Grappling with the grid: Expanding electricity transmission brings benefits, encounters barriers

March 13, 2024

Improving the U.S. electricity grid is necessary to lower costs, boost reliability and help tackle climate change, but it will take some serious soul searching by the leaders of entities that control the grid, according to a University of Michigan researcher.

Catherine Hausman, who focuses on environmental and energy economics as an associate professor at U-M’s Gerald R. Ford School of Public Policy, writes in a new study that the grid wasn’t built for today’s energy needs, and expanding transmission can achieve many of the aforementioned gains.

Still, what’s good for the consumer, environment and the economy may not be so for the bottom lines of some power plants.

Hausman studied two major wholesale electricity markets in the U.S. heartland: the Southwest Power Pool and the Midcontinent Independent System Operator. Each is run by a nonprofit system operator, and the study describes their combined footprint as “a renewable rich swath of the windy Midwest, as well as demand centers stretching from Minneapolis and Detroit to New Orleans.”

Her research, which incorporates data from several government agencies and both market operators between 2016-22, finds “allocative inefficiencies,” meaning the grid operators must use high-cost power plants at certain times because there isn’t adequate transmission to move electricity from the low-cost plants, such as wind generators, to demand centers.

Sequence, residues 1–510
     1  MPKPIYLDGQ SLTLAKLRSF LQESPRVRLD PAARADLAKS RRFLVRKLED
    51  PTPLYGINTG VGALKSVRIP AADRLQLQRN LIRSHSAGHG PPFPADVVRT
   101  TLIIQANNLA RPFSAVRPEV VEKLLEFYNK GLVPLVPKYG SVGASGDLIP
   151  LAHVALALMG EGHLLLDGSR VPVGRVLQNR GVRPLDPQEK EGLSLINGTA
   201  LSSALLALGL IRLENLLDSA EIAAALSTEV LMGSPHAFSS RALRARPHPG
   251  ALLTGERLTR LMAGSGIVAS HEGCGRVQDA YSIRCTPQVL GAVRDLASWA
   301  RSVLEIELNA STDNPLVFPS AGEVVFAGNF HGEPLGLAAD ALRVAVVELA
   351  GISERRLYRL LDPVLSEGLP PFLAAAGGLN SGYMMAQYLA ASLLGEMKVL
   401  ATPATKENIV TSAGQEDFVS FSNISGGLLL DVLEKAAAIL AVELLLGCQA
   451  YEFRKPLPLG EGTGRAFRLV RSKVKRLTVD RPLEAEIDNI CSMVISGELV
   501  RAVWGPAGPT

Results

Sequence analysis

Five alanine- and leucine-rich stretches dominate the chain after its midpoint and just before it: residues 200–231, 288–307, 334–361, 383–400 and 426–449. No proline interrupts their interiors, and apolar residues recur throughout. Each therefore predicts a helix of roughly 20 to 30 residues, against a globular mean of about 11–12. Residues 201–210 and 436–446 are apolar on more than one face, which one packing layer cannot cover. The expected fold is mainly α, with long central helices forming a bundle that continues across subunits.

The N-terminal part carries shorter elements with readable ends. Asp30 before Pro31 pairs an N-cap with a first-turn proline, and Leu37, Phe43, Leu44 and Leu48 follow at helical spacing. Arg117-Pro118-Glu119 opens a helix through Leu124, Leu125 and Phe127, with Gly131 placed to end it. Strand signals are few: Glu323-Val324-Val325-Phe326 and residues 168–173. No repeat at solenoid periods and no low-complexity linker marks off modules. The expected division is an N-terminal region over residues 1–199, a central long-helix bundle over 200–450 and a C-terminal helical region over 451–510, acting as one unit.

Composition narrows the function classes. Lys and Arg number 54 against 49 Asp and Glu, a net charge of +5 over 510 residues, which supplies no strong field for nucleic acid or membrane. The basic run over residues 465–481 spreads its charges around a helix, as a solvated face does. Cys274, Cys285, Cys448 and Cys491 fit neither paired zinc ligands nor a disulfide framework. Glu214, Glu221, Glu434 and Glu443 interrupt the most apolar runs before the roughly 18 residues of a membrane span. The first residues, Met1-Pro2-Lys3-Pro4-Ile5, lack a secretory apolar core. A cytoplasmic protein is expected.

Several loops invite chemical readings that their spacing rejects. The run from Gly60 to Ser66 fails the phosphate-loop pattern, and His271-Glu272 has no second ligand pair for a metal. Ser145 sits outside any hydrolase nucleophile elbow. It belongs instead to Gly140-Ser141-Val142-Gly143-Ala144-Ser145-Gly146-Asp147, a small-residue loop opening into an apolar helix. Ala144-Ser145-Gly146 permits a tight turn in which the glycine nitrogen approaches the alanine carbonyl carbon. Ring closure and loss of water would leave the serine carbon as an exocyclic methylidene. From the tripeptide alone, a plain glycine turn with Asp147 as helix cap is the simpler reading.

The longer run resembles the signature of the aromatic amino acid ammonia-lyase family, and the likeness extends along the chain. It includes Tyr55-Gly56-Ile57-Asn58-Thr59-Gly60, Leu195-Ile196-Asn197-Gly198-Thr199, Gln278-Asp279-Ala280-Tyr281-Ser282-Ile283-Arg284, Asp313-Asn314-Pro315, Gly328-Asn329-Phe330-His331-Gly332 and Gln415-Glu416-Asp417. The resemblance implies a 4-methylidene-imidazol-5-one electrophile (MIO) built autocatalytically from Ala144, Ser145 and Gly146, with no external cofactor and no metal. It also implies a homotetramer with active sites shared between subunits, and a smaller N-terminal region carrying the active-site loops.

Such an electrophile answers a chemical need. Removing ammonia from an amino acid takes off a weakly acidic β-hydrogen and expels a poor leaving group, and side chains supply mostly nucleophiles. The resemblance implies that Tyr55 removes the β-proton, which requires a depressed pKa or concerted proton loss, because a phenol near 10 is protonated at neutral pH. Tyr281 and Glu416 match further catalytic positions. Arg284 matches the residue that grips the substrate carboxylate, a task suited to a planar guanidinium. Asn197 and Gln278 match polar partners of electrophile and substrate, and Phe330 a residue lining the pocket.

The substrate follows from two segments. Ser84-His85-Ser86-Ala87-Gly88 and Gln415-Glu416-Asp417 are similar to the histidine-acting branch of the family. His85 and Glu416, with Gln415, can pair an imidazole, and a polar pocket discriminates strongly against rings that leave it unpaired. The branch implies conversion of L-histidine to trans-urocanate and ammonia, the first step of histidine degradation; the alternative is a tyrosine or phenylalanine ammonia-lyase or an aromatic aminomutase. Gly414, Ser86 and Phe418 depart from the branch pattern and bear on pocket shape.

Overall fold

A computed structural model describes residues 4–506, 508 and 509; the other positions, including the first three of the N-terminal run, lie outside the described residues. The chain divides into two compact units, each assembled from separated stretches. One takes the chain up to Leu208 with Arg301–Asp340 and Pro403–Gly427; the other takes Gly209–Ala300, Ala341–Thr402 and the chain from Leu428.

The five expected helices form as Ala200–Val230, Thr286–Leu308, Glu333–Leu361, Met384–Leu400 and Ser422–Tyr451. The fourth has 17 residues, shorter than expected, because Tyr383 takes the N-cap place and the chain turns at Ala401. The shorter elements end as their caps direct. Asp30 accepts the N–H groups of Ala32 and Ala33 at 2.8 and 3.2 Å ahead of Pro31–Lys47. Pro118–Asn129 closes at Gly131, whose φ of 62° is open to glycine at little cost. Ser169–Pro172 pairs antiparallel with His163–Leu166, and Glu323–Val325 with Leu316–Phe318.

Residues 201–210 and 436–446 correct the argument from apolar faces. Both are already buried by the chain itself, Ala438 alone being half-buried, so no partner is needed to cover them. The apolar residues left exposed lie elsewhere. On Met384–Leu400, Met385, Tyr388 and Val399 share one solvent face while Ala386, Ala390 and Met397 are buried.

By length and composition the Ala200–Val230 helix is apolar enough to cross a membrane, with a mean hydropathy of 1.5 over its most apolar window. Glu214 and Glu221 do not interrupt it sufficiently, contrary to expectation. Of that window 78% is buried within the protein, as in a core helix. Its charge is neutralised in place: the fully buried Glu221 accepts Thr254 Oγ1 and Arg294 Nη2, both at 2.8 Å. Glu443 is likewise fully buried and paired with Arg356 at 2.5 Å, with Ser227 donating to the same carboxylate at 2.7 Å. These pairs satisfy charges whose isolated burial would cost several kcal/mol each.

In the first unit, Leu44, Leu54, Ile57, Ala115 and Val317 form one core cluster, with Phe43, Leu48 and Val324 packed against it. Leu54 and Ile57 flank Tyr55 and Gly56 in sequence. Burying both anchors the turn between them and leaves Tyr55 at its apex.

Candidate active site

Expanding transmission could lower electricity generation costs—in 2022, a fully integrated grid in the central U.S. would have lowered those generation costs by $2 billion.

The costs, the study finds, would be lowered in part because more transmission would allow for better use of the wind generation that’s already available. But building transmission is likely to be opposed by existing power plants, whose profits—for some to the tune of hundreds of millions of dollars annually—are protected by inadequate transmission for new competitors.

Although building transmission could be beneficial, it will lower profits at some power plants. The problem, according to Hausman, “is that some of the same companies that would see a cut to their net revenues are the companies that have a big say in when, where and whether transmission lines get built.”

“Ultimately, I argue that it’s time to modernize our grid, and doing that means rewriting the rules for who decides whether we build transmission,” she said. “The policy question becomes whether the current legal, regulatory and policymaking procedures adequately represent the interests of society as a whole—or whether there are opportunities for those who stand to lose to bend the process to their will.”

Read the study: Power Flows: Transmission Lines, Allocative Efficiency and Corporate Profits

Written by Jeff Karoub, Michigan News